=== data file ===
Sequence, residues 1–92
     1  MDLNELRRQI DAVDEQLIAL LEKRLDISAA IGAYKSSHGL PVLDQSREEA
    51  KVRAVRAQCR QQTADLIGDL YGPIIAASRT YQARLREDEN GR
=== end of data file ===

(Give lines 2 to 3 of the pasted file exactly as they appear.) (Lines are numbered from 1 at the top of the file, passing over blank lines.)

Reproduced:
     1  MDLNELRRQI DAVDEQLIAL LEKRLDISAA IGAYKSSHGL PVLDQSREEA
    51  KVRAVRAQCR QQTADLIGDL YGPIIAASRT YQARLREDEN GR